C. Bone remodeling -in adult bone deposit and bone resorption is occurring continuously. -in healthy adult total bone mass stays constant. -rate of bone deposit = the rate of bone resorption. 1. Bone Deposit: -occurs where bone was injured or added bone strength is required; by osteoblasts. -site of bone deposit is an unmineralized band of bone matrix called the osteoid seam. -between the osteoid seam and the old mineralized bone there is abrupt transition, the calcification front; osteoid must mature before becoming calcified. -controls of calcification: -product of local concentration of calcium and phosphate ions. -matrix proteins (osteonectin and osteocalcin). -rich supply of alkaline phosphatase - found in the membrane of osteoblast. 2. Bone Resorption: -conducted by osteoclasts. -osteoclasts secrete lysosomal enzymes that digest organic matrix, and metabolic acids that solubilize calcium salts. 3. Control of remodeling a. Hormonal control: -involves interaction of parathyroid hormone (PTH) and calcitonin. -hormonal controls act to maintain blood calcium ion homeostasis rather than the strength of the skeleton. b. Mechanical factors: -bone remodeling occurs in response to mechanical stress and gravity.

-Woff's Law: bone growth/remodeling occurs in response to forces/stresses. -unlike hormonal regulation, control by mechanical forces serves the need of the skeleton itself, keeping bones strong where stresses are acting. -therefore, hormonal factors determine whether and when remodeling will occur in response to blood calcium levels, while mechanical and gravitational forces determine where remodeling will occur. 4. Repair of fractures -bones are susceptible to breaks -trauma, weakness. -fractures are treated by reduction: realignment of broken ends. -closed reduction by hand and open reduction by surgery. - repair process: -hematoma formation: blood vessels in the bone and surrounding torn tissue hemorrhage forming a clot and local swelling. -fibrocartilage callus formation: formation of soft granulation tissue. -capillaries grow into hematoma, phagocytic cells clean up debris. -fibroblasts and osteoblast migrate to the fracture site from nearby periosteal and endosteal membranes to begin reconstruction of bone. -calcification of fibrocartilaginous callus. -remodeling: excess material is removed and compact bone is laid down to reconstruct the shaft. VII. Homeostatic Imbalances A. osteoporosis: - bone resorption is greater than bone deposit. -total bone mass reduced, chemical composition of the matrix stays the same. -bones become more porous and brittle. -spongy bone is most vulnerable (neck, femur, spine). -occurs mostly in women: estrogens mediate PTH activity.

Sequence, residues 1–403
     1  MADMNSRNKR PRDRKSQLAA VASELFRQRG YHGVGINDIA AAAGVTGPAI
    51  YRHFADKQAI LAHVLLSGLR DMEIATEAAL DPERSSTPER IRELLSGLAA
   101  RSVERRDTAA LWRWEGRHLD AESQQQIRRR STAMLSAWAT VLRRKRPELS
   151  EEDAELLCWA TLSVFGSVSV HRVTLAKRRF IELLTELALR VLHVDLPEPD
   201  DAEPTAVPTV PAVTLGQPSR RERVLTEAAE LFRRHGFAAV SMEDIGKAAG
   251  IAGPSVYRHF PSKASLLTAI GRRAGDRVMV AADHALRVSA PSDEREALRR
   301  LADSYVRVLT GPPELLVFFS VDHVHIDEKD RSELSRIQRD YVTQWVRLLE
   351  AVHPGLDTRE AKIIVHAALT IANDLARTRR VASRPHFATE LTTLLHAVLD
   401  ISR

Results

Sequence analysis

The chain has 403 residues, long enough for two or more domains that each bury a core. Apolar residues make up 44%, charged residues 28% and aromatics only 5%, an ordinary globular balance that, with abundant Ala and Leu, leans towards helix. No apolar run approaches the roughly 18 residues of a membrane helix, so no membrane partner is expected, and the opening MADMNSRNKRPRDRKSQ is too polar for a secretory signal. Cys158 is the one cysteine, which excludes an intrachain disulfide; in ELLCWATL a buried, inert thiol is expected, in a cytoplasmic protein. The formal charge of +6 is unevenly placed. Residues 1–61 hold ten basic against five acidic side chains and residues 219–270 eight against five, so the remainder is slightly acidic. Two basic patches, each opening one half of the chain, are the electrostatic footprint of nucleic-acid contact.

-other factors: poor diet, too little exercise. -treatment: supplemental calcium, vitamin D, increased exercise. B. osteomalacia "soft bones". -bones are inadequately mineralized. -osteoid produced, however no calcium deposition. -bones become severely bent and deformed. -caused by vitamin D deficiency. C. rickets: -similar to osteomalacia but in children. -this is more sever since bones are still growing. -caused by vitamin D deficiency. D. Paget's disease: -excessive and abnormal bone formation and resorption. -high ratio of woven bone to compact bone. -bones are generally weak.


Microsoft Word - bonephys.04.doc

11 pages

Report File (DMCA)

Our content is added by our users. We aim to remove reported files within 1 working day. Please use this link to notify us:

Report this file as copyright or inappropriate


You might also be interested in

Chapter 15: Skeletal, Muscular, and Nervous Systems